The Danish Health Authority plans for the time being to offer booster vaccinations to people aged 50 and over in the autumn.

    There will also continue to be an offer for particularly vulnerable people under the age of 50, e.g. people with severely weakened immune systems who a doctor has assessed would benefit from vaccination.

    The purpose of the autumn program is to prevent serious illness, hospitalization and death. The Danish Health Authority has therefore carried out a thorough review of the knowledge currently available about who is at increased risk of a serious course of covid-19. On this basis, the Danish Health Authority has found that it is these two groups that should be offered booster vaccination in the autumn.

    So not everyone will be offered boosters in Denmark in the autumn. And why is this?

    9. I have previously been offered vaccination against covid-19. Why am I not offered it this fall?
    The purpose of the vaccination program for the autumn is to prevent serious illness, hospitalization and death. Therefore, it is persons at greatest risk of a serious course who will be offered booster vaccination. The purpose of vaccination is not to prevent infection with covid-19, which is why people under the age of 50 are not currently offered booster vaccination this autumn.

    People under the age of 50 are generally not at a particularly increased risk of a serious course if they become ill with covid-19. In addition, younger people under the age of 50 are well protected against serious illness with covid-19, as many have already been vaccinated and have been infected with covid-19 in the past, and therefore there is good immunity in this part of the population.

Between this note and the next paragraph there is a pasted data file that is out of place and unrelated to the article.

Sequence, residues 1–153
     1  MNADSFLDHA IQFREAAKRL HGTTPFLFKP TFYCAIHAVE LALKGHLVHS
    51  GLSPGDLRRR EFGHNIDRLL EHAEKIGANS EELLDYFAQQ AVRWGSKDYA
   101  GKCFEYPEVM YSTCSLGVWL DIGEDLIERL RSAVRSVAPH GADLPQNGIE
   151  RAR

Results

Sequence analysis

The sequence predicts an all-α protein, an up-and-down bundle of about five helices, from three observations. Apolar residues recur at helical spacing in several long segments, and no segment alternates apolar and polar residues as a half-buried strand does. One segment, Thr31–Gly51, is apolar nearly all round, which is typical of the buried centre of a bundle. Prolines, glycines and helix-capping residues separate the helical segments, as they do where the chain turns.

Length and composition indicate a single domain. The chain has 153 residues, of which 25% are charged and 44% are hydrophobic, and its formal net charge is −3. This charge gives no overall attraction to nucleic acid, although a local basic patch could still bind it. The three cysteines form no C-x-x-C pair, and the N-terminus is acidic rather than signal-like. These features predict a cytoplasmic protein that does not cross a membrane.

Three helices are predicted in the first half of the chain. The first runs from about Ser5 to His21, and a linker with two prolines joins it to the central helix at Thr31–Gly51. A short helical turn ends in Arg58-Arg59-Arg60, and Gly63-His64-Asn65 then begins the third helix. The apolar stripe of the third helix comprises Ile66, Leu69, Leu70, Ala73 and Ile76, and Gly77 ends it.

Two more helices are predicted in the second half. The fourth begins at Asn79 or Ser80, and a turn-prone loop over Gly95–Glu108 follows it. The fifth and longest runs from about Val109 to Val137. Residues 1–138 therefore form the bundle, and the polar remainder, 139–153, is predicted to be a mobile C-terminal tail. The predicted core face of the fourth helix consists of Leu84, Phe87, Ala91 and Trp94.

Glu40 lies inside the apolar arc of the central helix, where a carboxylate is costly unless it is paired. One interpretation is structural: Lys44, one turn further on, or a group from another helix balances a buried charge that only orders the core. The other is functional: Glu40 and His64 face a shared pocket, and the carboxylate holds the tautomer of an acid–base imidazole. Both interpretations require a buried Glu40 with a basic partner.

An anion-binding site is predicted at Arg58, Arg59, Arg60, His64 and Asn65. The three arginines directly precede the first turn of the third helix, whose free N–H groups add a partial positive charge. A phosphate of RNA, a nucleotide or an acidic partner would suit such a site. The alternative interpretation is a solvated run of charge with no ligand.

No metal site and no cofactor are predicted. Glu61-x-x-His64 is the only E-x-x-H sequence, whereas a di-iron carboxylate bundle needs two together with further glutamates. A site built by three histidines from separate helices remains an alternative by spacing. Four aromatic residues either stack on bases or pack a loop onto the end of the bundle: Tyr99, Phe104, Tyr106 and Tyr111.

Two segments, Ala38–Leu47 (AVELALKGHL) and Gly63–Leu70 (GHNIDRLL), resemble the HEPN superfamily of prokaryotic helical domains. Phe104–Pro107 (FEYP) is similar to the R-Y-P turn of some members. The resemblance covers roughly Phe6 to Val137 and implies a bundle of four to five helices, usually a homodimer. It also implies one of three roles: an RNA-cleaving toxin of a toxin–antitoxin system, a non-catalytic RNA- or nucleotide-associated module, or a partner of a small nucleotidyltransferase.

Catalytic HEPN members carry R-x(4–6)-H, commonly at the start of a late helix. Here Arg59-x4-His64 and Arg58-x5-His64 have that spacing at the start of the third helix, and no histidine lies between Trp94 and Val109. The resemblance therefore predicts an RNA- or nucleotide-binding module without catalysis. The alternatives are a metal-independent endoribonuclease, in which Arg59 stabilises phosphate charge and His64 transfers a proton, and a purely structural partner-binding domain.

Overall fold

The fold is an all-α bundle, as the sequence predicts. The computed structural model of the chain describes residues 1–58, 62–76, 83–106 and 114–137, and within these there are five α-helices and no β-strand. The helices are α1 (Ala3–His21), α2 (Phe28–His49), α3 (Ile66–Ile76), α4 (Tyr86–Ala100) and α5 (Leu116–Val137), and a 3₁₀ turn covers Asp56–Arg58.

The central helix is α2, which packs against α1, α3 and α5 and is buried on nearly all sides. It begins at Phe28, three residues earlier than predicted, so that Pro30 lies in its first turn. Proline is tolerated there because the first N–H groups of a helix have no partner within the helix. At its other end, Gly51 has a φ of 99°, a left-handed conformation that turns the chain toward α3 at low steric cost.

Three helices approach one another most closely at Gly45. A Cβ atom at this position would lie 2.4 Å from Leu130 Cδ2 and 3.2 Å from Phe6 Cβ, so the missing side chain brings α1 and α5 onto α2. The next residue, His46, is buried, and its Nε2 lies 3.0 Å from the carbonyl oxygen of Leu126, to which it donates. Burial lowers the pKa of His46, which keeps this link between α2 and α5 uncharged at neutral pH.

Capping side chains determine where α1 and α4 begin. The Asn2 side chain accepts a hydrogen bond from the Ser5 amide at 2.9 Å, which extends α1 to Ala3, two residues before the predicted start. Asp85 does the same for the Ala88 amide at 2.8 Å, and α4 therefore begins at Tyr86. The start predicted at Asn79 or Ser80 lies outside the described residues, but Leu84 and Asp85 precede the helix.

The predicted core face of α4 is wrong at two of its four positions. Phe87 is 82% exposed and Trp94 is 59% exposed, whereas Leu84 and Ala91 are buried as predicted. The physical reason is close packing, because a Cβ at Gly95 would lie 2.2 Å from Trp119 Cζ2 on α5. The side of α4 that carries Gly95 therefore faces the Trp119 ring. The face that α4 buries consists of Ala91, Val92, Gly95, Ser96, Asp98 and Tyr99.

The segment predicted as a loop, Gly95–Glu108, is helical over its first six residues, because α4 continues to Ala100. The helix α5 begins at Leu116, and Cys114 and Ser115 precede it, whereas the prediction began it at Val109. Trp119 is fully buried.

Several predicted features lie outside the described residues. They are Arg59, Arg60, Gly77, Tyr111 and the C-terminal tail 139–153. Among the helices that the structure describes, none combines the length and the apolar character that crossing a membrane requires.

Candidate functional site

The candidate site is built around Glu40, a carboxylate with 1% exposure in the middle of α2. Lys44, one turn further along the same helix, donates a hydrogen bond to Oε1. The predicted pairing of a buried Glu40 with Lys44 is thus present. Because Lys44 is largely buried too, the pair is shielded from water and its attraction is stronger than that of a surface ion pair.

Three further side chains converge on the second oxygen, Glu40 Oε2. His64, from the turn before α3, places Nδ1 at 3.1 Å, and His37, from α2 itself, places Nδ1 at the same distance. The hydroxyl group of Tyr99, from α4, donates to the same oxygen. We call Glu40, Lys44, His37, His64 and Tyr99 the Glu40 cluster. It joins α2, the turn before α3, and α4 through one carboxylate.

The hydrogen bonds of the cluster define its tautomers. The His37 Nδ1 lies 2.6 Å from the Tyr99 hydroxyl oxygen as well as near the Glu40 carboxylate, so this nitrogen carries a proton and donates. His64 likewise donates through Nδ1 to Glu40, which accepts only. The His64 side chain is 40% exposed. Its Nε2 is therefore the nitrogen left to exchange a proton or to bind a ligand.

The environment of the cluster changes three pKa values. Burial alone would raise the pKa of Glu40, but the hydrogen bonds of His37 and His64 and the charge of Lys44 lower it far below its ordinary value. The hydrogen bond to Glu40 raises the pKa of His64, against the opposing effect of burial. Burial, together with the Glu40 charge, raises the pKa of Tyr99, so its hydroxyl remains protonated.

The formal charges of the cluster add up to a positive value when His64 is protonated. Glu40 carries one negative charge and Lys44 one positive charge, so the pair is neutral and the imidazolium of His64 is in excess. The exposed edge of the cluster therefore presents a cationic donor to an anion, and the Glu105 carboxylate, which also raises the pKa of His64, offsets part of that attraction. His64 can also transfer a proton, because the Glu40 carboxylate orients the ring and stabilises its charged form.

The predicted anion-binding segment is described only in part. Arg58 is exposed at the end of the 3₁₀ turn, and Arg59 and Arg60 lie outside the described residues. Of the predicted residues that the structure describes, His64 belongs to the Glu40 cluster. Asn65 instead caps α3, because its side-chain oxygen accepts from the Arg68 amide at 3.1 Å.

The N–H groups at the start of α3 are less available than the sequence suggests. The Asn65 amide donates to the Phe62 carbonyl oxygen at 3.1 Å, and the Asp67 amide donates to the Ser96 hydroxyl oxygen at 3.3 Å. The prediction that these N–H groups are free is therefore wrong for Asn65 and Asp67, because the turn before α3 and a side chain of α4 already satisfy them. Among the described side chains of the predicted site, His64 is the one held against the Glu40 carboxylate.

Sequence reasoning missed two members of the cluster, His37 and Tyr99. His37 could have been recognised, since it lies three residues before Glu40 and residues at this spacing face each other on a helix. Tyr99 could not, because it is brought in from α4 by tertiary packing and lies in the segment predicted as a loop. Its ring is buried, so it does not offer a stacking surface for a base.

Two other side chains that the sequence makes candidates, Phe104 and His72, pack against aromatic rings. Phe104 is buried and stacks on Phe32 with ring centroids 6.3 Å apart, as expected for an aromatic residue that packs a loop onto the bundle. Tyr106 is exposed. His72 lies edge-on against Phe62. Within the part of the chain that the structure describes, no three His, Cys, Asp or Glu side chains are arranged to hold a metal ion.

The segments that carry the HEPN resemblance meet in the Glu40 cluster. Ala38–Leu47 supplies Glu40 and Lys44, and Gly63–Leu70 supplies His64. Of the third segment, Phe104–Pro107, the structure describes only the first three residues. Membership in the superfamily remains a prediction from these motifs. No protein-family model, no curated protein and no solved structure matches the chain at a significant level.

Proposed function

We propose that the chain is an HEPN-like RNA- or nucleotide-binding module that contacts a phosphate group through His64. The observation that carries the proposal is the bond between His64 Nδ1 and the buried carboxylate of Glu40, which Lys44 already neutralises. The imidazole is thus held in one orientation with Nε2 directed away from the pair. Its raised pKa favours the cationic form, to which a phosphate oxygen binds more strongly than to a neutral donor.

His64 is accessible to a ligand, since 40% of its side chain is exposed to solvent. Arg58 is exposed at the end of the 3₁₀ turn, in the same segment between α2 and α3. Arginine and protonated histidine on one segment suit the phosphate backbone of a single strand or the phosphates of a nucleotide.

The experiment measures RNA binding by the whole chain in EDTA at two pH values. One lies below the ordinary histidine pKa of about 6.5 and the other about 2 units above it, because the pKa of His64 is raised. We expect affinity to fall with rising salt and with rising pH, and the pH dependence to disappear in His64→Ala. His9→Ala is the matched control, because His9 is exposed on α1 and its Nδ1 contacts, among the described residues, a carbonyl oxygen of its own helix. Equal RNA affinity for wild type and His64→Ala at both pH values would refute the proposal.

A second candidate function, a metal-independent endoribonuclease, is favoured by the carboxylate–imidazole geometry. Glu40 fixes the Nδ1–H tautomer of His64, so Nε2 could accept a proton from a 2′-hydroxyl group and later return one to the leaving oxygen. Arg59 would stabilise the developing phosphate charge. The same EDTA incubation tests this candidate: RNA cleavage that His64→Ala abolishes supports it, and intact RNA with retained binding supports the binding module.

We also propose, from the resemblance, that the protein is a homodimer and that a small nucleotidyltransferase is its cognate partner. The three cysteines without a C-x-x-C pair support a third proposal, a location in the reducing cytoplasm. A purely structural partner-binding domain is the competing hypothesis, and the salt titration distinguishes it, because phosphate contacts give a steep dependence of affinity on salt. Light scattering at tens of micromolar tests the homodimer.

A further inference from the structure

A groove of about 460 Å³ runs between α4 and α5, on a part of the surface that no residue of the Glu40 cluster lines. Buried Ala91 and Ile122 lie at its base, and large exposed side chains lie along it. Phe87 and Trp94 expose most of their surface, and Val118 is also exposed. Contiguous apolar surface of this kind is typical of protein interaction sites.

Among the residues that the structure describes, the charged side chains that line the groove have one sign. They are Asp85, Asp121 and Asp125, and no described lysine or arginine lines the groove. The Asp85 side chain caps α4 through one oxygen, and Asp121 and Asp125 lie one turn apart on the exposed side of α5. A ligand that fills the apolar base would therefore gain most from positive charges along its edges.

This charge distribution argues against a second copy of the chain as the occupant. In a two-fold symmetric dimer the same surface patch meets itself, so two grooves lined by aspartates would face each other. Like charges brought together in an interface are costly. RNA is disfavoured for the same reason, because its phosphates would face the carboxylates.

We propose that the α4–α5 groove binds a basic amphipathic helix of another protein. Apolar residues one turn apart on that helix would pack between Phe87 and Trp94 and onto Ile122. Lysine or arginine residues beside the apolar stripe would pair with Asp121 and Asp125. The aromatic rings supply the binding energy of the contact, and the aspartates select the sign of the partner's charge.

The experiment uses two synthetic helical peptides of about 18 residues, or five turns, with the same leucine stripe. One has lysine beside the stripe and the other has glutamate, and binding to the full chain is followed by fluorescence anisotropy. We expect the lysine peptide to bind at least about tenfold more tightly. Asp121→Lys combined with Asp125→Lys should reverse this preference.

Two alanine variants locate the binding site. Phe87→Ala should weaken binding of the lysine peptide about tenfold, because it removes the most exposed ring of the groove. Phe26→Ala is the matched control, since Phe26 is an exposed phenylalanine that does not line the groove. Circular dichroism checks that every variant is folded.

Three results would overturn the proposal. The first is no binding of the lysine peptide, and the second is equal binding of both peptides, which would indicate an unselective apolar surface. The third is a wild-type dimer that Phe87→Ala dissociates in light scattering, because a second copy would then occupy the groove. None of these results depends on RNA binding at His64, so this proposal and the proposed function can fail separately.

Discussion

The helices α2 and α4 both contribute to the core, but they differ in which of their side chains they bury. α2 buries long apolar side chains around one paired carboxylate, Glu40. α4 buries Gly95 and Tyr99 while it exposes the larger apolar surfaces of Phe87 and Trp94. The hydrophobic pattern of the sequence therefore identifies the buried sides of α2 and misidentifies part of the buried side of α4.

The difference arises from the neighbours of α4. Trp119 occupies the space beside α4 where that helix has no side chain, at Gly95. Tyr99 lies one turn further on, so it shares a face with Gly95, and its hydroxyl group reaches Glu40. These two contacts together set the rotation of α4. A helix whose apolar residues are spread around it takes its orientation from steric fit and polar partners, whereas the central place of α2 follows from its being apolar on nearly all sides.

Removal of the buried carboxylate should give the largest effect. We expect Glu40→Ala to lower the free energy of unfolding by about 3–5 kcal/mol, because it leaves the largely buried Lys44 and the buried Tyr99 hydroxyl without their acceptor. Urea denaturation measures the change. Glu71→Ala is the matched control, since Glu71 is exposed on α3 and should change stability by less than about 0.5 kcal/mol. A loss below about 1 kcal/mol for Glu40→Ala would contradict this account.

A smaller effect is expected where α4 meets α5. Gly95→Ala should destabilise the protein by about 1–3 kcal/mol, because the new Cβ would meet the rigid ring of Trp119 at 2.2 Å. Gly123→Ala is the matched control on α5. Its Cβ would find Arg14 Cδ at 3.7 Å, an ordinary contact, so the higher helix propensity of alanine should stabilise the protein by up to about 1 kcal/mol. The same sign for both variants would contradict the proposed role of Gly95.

It is important that the public this autumn also remembers the good advice to prevent the spread of infection, including staying at home when ill, frequent airing or ventilation, keeping your distance, good cough etiquette, hand hygiene and cleaning.

    Just so we're clear, the Danish Health Authority can in no way be construed as an "anti-vax" organization. Yet they are advising against indiscriminately vaccinating children and young people under the age of 18, and are also advising against indiscriminate boosting.
     
  14. KCfromNC

    KCfromNC Regular Member

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    The "whole of the pandemic" was limited to South Korea? Please, tell us more.

    To me, it means something like searching out a single country's data that seems to back up a pre-determined conclusion that vaccines "completely failed to slow the spread of COVID" while hand-waving away research that compares infection rates between vaccinated and unvaccinated people.

    Hopefully that helps inform you on what I do and don't understand about the term. Happy to help.
     
  15. KCfromNC

    KCfromNC Regular Member

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    Speaking of my "understanding" of cherry-picking, it is very interesting how national health officials are suddenly credible again just as soon as they support something which looks to support anti-vaxx claims.
     
  16. probinson

    probinson Legend

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    Of course not. But looking at the entire epi curve of a country throughout a pandemic tells us quite a lot. I chose South Korea because the media couldn't stop gushing about how they had kept the virus under control;

    Screen Shot 2022-08-09 at 9.27.31 AM.png

    As time marches on, and as South Korea has higher infection rates now than they ever did before vaccination, that narrative hasn't aged well.